The state has no business in people's sexual lives

The state has no business in people's sexual lives

It seems that the story involving Kerry workers and a woman's delivery order of sex toys led to a happy ending. But did it really?

The story made the headlines last week with almost -- if not all -- media outlets reporting the incident in which a woman complained that the contents of her shipment were exposed on social media by a group of delivery messengers who claimed they saw the items after the package was torn apart. One of them held up a dildo from the damaged package and made rude comments about the woman.

The messengers also took the liberty of revealing the woman's identity, address, and phone number. Since then, she has received scores of unwanted chat requests from strangers. The woman said that she was so embarrassed about the incident that she has contemplated suicide.

Meanwhile, the furore on social media prompted the company to investigate the matter, which led to the termination of the four staffers. A few days later, the firm arranged a meeting between the woman and the workers in Nakhon Pathom province.

The woman claimed that it was her friend who was the real buyer of the sex toys. She added that the friend used her address because she was too afraid to use her own.

Kerry Express issued an apology and the woman has forgiven the ex-staffers and promised not to take any additional legal action.

She forgave the workers and they apologised. But no, this is not a happy ending even though some may assume the woman can continue her life as normal.

It's not a happy ending because, in my opinion, the whole saga reveals a sad truth about how citizens are controlled by conservatives who continue to stick to obsolete laws and moral rules regarding sexuality.

Why is it that people who purchase these products have to hide their identity? Because we live in a society that treats the purchase of sex toys as a crime. Women who purchase sex toys are seen as "bad women" and are subjected to humiliation and condemnation like the victim of the ex-Kerry workers. We live in a society that has one moral policy too many.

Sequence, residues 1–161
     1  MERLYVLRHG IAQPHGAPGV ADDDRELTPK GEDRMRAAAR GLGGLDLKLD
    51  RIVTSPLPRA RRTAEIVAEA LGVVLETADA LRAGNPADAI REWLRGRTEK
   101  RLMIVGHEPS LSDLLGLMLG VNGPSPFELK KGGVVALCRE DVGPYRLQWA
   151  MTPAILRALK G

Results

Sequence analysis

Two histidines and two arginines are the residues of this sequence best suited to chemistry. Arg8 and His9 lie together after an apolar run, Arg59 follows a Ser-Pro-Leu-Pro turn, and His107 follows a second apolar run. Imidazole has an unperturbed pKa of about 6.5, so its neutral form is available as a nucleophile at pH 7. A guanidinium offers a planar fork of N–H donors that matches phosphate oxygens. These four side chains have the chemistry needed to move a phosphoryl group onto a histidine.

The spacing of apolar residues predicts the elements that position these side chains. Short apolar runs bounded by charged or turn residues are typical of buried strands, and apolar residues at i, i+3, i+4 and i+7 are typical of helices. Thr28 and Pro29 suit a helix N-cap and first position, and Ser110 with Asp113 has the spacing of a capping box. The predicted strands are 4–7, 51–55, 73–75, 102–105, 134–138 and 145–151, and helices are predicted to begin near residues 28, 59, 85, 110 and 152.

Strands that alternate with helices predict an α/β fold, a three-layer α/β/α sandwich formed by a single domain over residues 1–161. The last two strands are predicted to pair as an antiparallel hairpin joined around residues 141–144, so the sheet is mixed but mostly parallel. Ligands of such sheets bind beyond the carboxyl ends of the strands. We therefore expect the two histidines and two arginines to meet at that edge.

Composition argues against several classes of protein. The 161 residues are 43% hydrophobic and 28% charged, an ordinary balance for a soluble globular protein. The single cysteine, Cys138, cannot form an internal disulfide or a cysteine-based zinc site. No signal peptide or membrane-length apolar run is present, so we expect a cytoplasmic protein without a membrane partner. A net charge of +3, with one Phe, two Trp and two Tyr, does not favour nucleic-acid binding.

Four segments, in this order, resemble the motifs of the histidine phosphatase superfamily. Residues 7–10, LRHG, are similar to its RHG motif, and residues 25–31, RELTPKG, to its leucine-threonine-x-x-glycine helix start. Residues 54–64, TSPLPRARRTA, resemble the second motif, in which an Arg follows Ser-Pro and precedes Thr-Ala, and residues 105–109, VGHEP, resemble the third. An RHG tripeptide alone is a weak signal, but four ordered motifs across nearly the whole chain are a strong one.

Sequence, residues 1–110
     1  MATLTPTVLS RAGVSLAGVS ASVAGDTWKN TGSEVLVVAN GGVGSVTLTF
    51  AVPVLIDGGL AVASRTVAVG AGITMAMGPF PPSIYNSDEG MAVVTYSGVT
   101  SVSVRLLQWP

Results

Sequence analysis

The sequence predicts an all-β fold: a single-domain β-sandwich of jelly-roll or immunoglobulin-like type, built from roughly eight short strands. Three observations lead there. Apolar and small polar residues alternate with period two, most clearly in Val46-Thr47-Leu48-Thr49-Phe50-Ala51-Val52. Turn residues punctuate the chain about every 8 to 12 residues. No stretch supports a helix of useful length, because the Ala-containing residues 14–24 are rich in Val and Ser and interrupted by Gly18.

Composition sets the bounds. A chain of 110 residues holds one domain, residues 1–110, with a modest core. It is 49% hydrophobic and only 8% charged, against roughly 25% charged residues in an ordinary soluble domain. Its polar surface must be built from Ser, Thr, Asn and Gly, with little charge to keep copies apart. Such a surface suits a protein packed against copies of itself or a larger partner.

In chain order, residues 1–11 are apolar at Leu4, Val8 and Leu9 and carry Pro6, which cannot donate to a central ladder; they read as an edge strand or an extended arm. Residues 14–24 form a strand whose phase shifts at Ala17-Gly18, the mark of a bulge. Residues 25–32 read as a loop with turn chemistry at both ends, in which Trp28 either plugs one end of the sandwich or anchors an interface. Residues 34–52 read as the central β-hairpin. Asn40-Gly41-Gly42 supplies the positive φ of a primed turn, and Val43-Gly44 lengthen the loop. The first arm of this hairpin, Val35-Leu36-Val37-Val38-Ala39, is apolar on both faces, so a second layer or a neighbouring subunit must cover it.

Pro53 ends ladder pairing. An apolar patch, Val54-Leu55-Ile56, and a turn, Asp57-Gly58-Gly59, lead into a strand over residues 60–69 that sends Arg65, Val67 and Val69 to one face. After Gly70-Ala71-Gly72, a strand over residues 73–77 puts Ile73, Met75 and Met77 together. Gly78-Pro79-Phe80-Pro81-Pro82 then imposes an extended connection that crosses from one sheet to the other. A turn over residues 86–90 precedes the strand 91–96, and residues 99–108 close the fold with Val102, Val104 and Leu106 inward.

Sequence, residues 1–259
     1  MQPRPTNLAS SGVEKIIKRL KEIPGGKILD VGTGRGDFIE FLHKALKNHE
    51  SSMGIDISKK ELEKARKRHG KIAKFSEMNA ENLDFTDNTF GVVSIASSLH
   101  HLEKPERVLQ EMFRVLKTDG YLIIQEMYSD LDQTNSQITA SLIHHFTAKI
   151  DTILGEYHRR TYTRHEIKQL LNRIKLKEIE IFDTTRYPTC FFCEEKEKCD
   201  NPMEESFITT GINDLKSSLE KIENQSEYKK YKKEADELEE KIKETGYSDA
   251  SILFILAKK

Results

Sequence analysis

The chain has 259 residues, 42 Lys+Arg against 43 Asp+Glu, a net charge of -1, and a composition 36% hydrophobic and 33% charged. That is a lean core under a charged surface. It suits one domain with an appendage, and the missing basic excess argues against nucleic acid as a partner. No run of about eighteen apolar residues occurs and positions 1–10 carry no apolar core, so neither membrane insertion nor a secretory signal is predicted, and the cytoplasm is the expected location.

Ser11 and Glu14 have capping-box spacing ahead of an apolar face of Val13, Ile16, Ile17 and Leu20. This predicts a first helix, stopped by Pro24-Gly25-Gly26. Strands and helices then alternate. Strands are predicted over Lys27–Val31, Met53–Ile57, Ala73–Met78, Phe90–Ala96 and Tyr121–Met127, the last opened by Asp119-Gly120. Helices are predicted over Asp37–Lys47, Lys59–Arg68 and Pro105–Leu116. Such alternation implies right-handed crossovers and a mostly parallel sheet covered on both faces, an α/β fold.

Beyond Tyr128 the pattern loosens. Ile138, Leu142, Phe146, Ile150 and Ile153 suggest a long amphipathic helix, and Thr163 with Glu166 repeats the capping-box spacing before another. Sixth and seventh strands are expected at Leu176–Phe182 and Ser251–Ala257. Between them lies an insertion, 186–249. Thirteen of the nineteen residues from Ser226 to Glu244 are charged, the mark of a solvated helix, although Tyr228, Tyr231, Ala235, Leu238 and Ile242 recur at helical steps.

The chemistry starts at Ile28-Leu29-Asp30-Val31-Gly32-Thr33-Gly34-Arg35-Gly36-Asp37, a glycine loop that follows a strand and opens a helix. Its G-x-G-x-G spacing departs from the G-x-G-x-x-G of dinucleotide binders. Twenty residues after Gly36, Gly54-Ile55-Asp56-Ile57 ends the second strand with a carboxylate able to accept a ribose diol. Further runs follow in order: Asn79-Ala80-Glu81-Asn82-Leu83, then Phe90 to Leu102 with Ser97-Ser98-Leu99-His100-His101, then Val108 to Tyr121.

It's a pity that some media outlets lacked sensitivity about the issue. Some Thai and English-language newspapers labelled the victim as "sex toy woman" in their headlines. They should have known that such labels would only inflict additional embarrassment to the woman.

I wish our society would be mature enough to regard people, be they women, men, transgenders -- who want to buy a dildo, a vibrator -- or any other device as normal. Buying these items should be a non-issue. It's not a crime and no one should be ashamed of it. It's not anyone's business if a woman wants to buy these devices.

Perhaps we should begin with the state legalising sex toy shops? I am sure the moral police would be appalled by the idea and use arguments like "rape cases will skyrocket", so on and so forth. But those with such arguments should open their eyes and minds. Stop practising hypocrisy, if I may say.

Most major cities in the developed world have sex toys shops. Are residents of those cities immoral? No. Are rape rates high? No. Rape is a problem in countries where men are obsessed with power and not taught to respect the rights of other people.

I don't mean to say that we should have dildos displayed on the sidewalk as it is in some touristy areas where state authorities turn a blind eye to the trade. However, we can do it like other modern countries by having shops or outlets that the state can regulate and tax them accordingly.

There is no good in keeping sex toys underground as that would only give a chance for some state officials to collect kickbacks.

I have a strong belief that the role of the state regarding its people's sexuality should stop outside the bedroom.

The only role it should take is to ensure that consumers' rights are well protected, meaning that the products are of good quality and prices are fair. The state may enforce rules about customer age control and display, but that is understandable.

But apart from that, there is no place for the state when it comes to sexual pleasure.


Ploenpote Atthakor is editorial pages editor, Bangkok Post.

Ploenpote Atthakor

Former editorial page Editor

Ploenpote Atthakor is former editorial pages editor, Bangkok Post.


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